The rapper wins an unexpectedly light sentence in federal court.
by Steve Volk
Rapper Beanie Sigel received a sentence of 12 months and a day after
the defense and prosecution spent all their time in court last Friday
squabbling over precisely who was on trial here: the rapper Beanie Sigel
or Dwight Grant, the man?
And if they are one and the same, they argued, should the judge bestow his sentence on the Beanie Sigel of April 2003--the man who ran from police and ditched a handgun along the way? Or on the Sigel who stood before them in court?
As the day began federal court Judge R. Barclay Surrick was looking at a strict set of sentencing guidelines that would have netted Sigel between 30 and 37 months of jail time. The prosecution tried to boost that sentence up. The defense tried to haggle it down. And in the end the defense, led by attorney Cheryl A. Krause, won big.
Prosecutor Curtis Douglas pleaded with the judge to consider Sigel's open cases before he pronounced the sentence. Sigel, he said, still faces a simple assault charge for busting a 53-year-old man's orbital bone and a charge of attempted murder.
Surrick admonished the prosecutor, saying he was surprised Douglas would make an argument so counter to the principles the criminal justice system was founded on: "The last time I checked," said Surrick, "in the United States of America, the defendant has a right to a jury trial."
Perhaps the most compelling defense testimony arrived first, in the unlikely form of Sigel's matronly 56-year-old drug counselor and psychotherapist, Susan Gurman, who told Surrick the rapper "should be applauded for what he's accomplished" in rehabilitation.
"Dwight," she said, calling Sigel by his given first name, "was diagnosed with an opiate [most likely Percocet] addiction and a cannabis addiction."
Sigel has been out on bail for more than a year, and in that time he's failed two urine tests. But Gurman told the judge she considered the failures "slips" rather than "relapses," characterizing Sigel as "learning from his mistakes."
When he performed at Madison Square Garden this past year, she told Surrick, it "was the first time he'd ever performed sober. He was afraid that he couldn't be creative without drugs, but he has found that he can."
His fiance and his mother testified too, explaining that a man who was always close to his family had grown closer and more open with them. "My son and I cried together," said his mother, Michelle Brown-Derry, stopping to stifle her own tears. "And I can't tell you what it meant to me for him to tell me he understands the mistakes he's made--and how they hurt me."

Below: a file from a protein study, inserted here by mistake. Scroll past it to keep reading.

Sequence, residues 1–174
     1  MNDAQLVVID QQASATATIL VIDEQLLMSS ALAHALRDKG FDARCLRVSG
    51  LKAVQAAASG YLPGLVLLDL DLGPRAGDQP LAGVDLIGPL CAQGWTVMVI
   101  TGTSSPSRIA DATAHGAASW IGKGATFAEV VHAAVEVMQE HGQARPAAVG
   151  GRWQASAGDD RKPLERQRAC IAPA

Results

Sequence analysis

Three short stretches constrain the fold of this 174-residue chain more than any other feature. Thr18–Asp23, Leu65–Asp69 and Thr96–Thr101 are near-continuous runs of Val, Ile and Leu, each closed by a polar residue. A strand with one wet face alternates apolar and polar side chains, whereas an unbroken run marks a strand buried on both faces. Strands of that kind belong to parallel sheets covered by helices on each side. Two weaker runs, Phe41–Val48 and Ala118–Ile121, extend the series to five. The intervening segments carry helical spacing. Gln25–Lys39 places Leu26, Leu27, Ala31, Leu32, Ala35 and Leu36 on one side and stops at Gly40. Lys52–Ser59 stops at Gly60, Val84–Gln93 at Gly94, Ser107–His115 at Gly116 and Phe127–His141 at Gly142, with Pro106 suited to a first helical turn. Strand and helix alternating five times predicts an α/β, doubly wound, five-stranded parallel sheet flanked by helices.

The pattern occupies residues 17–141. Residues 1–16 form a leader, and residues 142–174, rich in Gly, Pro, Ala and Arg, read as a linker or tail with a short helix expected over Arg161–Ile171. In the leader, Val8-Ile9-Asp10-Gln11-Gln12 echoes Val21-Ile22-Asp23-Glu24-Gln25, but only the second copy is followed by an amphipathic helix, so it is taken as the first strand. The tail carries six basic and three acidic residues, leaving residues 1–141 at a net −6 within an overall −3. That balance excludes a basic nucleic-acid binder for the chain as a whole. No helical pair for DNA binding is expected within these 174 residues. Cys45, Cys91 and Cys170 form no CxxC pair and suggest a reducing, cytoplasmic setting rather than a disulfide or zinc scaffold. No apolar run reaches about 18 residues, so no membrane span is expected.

Douglas, in his final plea for Surrick to impose the maximum sentence, portrayed Sigel's family as having a "vested interest" in their "meal ticket," a comment that seemed to still the room, which was filled with the rapper's supporters, including Roc-A-Fella luminaries Jay-Z and Damon Dash. Douglas also offered up some of the rapper's spicier lyrics to counter defense claims that Sigel's a valuable role model.
"Slaughter, torture, pour acid on your daughter," read Douglas. "Your bitch pregnant? Rape her, make her break her water.'"
Then Beanie Sigel himself stood up--as Dwight Grant.
In a speech that lasted minutes, Grant sounded tones both humble and defiant. "I'm strong now, and I can face any sentence you give me, and I can stand here and say that I'm a drug addict and I can tell you that what has happened to me has been good, the way I see it, because it gave me a chance to look at myself ... I want to thank my family for their support, because despite what Mr. Douglas said, I know that their only vested interest in me is love. If I never make another dollar, they'll still love me because they love me, Dwight Grant--not Beanie Sigel."
Finally, citing Sigel's efforts at rehabilitation and his good works in the community, Surrick more than halved the rapper's minimum sentence. Sigel and his family hugged. Many of the rapper's supporters cried. But within a few minutes the uncertain future could be found at the courtroom door, where Brown-Derry stood with her new husband.
"Man," said Brown-Derry, still looking pained and wiped out after her testimony. "If he even think, after all this, about having a negative--"
"Hey," her husband Sam Derry interrupted her. "You just look in his eyes, you can see--he knows he's been blessed."
Steve Volk (firstname.lastname@example.org) has diligently documented Beanie Sigel's recent run-ins with the law.